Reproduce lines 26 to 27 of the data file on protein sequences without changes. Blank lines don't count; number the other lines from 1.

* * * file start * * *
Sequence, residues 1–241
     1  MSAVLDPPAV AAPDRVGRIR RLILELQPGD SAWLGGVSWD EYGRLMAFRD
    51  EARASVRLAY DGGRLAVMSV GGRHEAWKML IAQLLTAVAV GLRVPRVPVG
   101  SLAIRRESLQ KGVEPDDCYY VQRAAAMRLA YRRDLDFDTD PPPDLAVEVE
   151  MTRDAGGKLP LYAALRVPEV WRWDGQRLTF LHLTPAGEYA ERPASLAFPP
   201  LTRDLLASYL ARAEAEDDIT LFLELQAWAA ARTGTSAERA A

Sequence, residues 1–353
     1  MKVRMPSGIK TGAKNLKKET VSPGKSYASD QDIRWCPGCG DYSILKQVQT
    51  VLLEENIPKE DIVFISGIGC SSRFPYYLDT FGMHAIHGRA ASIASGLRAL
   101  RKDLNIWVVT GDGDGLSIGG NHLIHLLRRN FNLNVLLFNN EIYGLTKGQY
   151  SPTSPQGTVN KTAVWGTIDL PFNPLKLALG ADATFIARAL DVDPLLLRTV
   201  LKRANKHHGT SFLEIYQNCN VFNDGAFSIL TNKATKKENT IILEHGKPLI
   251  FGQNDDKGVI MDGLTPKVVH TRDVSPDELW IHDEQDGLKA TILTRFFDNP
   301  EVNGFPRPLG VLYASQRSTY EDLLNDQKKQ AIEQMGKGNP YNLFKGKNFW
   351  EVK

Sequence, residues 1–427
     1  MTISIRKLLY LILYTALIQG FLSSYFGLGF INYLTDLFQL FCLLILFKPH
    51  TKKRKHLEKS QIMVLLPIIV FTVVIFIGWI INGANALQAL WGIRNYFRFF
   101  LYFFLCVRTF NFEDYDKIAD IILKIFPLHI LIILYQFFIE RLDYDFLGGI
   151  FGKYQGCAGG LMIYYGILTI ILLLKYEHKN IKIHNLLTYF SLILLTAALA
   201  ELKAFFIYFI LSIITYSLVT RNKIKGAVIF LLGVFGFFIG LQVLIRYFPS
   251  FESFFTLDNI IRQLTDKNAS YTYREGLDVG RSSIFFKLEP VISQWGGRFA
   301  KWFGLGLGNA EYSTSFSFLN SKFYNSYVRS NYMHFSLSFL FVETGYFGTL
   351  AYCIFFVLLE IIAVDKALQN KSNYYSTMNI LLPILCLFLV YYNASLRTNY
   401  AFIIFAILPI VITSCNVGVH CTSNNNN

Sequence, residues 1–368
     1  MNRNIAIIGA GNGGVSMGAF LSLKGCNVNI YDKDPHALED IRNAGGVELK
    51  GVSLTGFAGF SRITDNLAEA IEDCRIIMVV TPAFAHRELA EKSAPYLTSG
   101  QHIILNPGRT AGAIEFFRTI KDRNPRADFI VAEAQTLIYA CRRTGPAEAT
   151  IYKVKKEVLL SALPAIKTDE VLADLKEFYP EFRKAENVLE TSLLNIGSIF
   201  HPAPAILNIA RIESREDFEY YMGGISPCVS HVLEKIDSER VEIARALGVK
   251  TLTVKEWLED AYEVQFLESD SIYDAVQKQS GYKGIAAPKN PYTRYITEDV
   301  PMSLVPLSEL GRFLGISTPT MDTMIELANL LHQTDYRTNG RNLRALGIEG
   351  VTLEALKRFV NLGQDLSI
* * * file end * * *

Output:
Sequence, residues 1–368
     1  MNRNIAIIGA GNGGVSMGAF LSLKGCNVNI YDKDPHALED IRNAGGVELK